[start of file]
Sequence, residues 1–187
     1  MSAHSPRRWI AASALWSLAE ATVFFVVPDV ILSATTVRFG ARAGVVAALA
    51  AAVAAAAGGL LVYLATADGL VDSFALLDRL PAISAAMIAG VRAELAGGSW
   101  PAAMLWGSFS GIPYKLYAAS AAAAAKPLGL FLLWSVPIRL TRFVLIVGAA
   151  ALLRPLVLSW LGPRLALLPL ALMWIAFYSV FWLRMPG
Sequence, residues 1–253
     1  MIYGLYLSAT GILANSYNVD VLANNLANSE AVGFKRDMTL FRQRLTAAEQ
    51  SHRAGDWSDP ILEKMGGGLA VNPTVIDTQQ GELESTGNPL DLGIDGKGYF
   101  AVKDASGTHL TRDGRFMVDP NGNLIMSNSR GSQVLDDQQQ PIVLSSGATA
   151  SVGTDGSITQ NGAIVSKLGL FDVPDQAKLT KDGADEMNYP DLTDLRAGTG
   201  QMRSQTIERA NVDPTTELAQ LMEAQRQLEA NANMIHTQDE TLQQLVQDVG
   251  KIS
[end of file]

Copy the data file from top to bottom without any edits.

Sequence, residues 1–187
     1  MSAHSPRRWI AASALWSLAE ATVFFVVPDV ILSATTVRFG ARAGVVAALA
    51  AAVAAAAGGL LVYLATADGL VDSFALLDRL PAISAAMIAG VRAELAGGSW
   101  PAAMLWGSFS GIPYKLYAAS AAAAAKPLGL FLLWSVPIRL TRFVLIVGAA
   151  ALLRPLVLSW LGPRLALLPL ALMWIAFYSV FWLRMPG
Sequence, residues 1–253
     1  MIYGLYLSAT GILANSYNVD VLANNLANSE AVGFKRDMTL FRQRLTAAEQ
    51  SHRAGDWSDP ILEKMGGGLA VNPTVIDTQQ GELESTGNPL DLGIDGKGYF
   101  AVKDASGTHL TRDGRFMVDP NGNLIMSNSR GSQVLDDQQQ PIVLSSGATA
   151  SVGTDGSITQ NGAIVSKLGL FDVPDQAKLT KDGADEMNYP DLTDLRAGTG
   201  QMRSQTIERA NVDPTTELAQ LMEAQRQLEA NANMIHTQDE TLQQLVQDVG
   251  KIS